The debate about alternative business structures has reached Ireland and Canada – and is set to continue to rage around the world.
I can’t decide which of the following statements is true: too much has been written about alternative business structures, or not enough can ever be written about them. I hope it is the latter, since I am about to add to the literature.
Hardly a week goes by without the topic cropping up (and I mean outside the UK). This week two items from different jurisdictions – Ireland and Canada – crossed my desk, and made me realise that, love ’em or hate ’em, ABSs continue to reverberate around the world.
In Ireland, the Bar Council had a conference a few days ago arising out of the legislative revival of the country’s Legal Services Regulation Bill 2011. One of the bill’s clauses presently allows for the introduction of ABSs to Ireland, and the bar has concerns about the implications for a sole trader independent referral bar.
The Canadian Bar Association meanwhile has a Legal Futures Initiative. You will not be shocked to hear that one of the questions under discussion is the following: ‘What are the implications of non-lawyers owning or managing a law firm? Consider this: What if anyone could sell legal services using employed lawyers? What if lawyers could obtain clients, infrastructure, and access to specialised expertise by joining a legal services franchise?’
At every conference I attend, the topic is on the programme. The idea is like a clinging child, following lawyers from room to room. Even in countries where it is not being set up for launch, there is a debate about what to do about those which might cross the border from countries where it is allowed. When I meet foreign bars, including those not from the common law tradition, the topic is usually on the agenda, and several foreign bars follow developments closely.
Curiously, the idea is commonly seen as a British one – this mad nation of shop-keepers, who think only of prices – even though it originated in Australia.
I have reported before that the current recommendation in Europe, from a study paid for by the European Commission on whether the laws on this and other free movement rules should be changed, is that the present ability of member states to ban ABSs from entering their borders should continue (albeit that the grounds for possible refusal should change).
Opponents have to concede, whether they like it or not, that this is an idea whose time appears to have come. It does not mean that the concept is right or will succeed. Ideas whose time has come can be disasters (witness communism in the twentieth century, although I apologise for the unfair and extreme comparison). Opponents have many arguments to throw at ABSs: there is no research to show that it will succeed; there is no evidence that clients want it; the ideology which gave rise to it – more market liberalisation – has produced catastrophic results over the last few years; and then the classic arguments submitted by most professional bodies that it puts the independence of the legal profession at risk. It doesn’t matter what arguments are raised – like a monster from outer space against which human weapons are useless, it sails on!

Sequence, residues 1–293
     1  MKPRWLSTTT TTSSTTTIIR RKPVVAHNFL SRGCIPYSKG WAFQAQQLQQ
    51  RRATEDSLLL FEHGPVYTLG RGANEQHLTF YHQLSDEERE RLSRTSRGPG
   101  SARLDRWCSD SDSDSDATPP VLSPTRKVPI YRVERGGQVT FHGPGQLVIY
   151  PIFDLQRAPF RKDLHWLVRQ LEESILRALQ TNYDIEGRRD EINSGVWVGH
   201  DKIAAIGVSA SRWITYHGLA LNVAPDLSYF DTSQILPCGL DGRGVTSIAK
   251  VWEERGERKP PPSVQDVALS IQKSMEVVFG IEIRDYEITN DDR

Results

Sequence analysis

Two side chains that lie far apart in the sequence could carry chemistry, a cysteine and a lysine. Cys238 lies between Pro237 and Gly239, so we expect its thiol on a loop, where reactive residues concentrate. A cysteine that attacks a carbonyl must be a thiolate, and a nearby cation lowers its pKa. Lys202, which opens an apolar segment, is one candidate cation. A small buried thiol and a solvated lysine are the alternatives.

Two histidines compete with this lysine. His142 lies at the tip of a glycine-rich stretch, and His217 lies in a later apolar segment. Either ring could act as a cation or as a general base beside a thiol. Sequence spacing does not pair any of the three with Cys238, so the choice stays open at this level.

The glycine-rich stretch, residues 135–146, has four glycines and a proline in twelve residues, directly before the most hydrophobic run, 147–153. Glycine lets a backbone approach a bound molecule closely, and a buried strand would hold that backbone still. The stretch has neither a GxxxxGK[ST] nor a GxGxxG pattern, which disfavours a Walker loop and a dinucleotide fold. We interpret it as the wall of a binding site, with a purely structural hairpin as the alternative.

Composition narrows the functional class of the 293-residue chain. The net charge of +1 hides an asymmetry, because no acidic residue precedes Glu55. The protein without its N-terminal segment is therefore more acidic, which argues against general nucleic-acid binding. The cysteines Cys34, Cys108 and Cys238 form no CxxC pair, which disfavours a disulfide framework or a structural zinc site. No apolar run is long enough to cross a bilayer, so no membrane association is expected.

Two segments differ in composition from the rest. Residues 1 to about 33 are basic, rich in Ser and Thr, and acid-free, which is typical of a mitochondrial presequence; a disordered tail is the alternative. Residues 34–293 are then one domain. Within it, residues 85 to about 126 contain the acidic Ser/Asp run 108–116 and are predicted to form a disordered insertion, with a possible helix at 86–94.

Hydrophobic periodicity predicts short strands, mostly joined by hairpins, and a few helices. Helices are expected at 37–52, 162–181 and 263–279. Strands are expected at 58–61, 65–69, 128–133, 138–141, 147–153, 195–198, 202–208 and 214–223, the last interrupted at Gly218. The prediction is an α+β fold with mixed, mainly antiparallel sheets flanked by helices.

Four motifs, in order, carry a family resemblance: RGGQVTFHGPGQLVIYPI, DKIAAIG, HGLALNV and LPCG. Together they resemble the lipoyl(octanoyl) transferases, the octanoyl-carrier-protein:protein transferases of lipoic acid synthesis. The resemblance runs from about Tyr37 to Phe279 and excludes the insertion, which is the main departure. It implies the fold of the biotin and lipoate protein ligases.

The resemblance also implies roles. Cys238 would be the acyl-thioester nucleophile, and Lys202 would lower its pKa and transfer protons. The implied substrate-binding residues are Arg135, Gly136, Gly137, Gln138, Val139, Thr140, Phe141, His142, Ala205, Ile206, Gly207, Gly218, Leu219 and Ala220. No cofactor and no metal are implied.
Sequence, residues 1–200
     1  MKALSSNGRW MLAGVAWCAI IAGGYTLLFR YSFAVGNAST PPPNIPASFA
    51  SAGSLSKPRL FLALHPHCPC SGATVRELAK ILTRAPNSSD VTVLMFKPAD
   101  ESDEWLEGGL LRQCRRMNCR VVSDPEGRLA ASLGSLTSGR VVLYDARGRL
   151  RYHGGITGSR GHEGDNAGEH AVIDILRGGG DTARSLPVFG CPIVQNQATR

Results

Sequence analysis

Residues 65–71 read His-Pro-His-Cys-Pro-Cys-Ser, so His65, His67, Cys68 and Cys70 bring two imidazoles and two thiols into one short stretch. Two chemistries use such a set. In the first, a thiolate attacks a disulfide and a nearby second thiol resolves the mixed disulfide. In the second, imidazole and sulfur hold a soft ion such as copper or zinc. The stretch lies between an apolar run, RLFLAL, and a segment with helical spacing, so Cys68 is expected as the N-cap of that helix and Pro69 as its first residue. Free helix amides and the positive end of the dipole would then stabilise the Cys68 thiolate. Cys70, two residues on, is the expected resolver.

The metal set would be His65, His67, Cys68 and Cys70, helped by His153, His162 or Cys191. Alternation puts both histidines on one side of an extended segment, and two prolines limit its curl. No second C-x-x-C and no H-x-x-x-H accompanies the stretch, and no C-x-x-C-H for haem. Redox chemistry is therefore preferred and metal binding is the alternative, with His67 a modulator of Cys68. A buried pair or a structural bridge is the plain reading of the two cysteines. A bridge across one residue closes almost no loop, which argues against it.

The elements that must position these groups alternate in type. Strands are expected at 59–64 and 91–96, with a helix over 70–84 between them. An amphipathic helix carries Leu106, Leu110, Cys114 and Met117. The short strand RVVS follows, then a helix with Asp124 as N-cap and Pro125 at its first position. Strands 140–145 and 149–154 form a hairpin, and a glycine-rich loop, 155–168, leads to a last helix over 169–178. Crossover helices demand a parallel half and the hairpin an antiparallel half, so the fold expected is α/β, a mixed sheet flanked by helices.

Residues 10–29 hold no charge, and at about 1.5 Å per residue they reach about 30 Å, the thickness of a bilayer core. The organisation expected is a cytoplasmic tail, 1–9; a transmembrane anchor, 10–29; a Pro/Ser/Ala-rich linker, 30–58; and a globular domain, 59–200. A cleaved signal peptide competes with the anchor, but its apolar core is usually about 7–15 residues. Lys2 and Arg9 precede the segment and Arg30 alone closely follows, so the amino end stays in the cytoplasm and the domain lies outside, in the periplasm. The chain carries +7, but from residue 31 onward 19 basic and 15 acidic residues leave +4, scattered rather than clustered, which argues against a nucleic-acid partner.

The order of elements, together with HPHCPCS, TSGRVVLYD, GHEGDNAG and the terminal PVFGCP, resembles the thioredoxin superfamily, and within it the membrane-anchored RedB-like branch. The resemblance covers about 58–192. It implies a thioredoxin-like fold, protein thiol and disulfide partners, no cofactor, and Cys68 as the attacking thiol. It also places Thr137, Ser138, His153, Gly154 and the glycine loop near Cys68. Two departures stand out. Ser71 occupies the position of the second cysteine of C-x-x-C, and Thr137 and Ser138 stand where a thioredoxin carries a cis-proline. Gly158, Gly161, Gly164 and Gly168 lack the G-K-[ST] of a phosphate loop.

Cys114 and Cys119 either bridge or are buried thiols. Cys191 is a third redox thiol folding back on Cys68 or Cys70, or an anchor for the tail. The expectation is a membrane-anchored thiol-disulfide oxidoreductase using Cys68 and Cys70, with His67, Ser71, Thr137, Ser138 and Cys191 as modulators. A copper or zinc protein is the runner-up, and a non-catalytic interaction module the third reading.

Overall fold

The principal reason for its continued reverberation is that governments like it. I am not aware of any legal profession introducing ABSs spontaneously (proponents of ABSs might echo Mandy Rice-Davies here, and say ‘Well they wouldn’t, would they?’), nor of it having arisen through consumer pressure. It is difficult to find many lawyers who rush up to declare how much they love ABSs. It is government pressure, to enable a liberalisation agenda. Governments like it because it breaks a monopoly. On the basis of no hard evidence, they believe that removing the monopoly on ownership of law firms will improve access to justice. Watching the legal aid debate unroll in the UK and elsewhere, you have to question whether access to justice is really a governmental priority. It seems to be a priority only when it causes challenges for others to meet.
Opponents have little choice now but to endure the debate for further years at international level. Either ABSs really are the best thing since fish fingers, whereupon the argument is effectively over and we will all in time join up. Or they are like my unfair comparison with communism, and will in time implode from their own contradictions. Of course, both sides will continue to make their case. But no power on earth can make an idea disappear whose time appears to have come.
Jonathan Goldsmith is secretary general of the Council of Bars and Law Societies of Europe, which represents around a million European lawyers through its member bars and law societies. He blogs weekly for the Gazette on European affairs